Al-Aqsa was the first qiblah (the direction in which a Muslim turns to pray) in Islam, but this direction was later changed to Holy Kaba in Mecca.
Muslim worshippers at about 200 old mosques in Mecca have been praying in the wrong direction for decades because the mosques were not built correctly, a Saudi newspaper said on Sunday.
The mosques were not built precisely based on the qibla, the official alignment with the holy Kaaba shrine at the centre of Mecca’s Al-Haram mosque, according to the report in Arab News.
Hundreds of millions of Muslims around the world are bound to orient their daily prayers toward the ancient Kaaba, and mosques everywhere are built to face the black-shrouded cubic building, or have indicators of its direction.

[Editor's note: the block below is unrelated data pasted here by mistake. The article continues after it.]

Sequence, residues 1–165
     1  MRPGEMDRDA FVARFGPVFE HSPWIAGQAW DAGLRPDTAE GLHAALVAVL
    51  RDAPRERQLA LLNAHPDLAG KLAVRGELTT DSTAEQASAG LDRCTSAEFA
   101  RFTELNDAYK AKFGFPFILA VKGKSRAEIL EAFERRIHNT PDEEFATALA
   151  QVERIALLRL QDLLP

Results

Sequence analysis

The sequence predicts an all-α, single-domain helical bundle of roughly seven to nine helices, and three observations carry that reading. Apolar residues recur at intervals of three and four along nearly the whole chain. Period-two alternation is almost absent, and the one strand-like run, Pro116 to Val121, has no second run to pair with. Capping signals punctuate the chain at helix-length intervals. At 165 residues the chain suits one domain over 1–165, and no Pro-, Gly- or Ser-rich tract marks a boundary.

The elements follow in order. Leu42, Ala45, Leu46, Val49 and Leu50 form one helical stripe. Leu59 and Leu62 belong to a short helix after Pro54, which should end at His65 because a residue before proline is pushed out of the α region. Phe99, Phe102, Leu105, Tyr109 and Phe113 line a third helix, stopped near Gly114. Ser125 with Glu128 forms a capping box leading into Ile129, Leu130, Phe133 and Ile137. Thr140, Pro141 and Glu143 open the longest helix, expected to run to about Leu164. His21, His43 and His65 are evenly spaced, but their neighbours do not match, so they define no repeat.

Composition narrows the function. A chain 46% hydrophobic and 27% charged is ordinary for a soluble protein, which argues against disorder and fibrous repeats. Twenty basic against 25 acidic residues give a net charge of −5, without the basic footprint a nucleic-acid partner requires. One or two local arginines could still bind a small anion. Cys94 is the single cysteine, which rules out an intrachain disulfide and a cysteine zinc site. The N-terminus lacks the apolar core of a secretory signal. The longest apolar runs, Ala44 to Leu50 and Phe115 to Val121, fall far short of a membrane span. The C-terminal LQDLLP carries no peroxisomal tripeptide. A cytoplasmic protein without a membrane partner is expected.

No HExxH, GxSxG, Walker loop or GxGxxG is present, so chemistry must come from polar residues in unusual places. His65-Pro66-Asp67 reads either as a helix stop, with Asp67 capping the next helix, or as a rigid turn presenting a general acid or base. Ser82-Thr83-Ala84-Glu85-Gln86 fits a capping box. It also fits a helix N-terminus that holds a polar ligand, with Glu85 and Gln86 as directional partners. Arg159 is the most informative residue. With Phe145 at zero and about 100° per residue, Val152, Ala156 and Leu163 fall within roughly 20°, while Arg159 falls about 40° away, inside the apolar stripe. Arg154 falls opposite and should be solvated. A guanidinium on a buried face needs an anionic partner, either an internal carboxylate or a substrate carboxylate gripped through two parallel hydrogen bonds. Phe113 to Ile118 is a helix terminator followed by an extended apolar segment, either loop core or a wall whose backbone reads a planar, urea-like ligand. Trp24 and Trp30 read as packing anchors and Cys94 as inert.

The discrepancy was only realised after looking at the old mosques, some built more than 50 years ago, from atop the new skyscrapers being constructed in Islam’s holiest city in western Saudi Arabia, the report said.
According to the pan-Arab Al-Hayat newspaper, Islamic affairs ministry deputy secretary, Tawfik al-Sudairy, downplayed the problem.
“There are no major errors, but corrections have been made for some old mosques, thanks to modern techniques. In any case, it does not affect the prayers,” the newspaper quoted Sudairy as saying in its Saturday edition.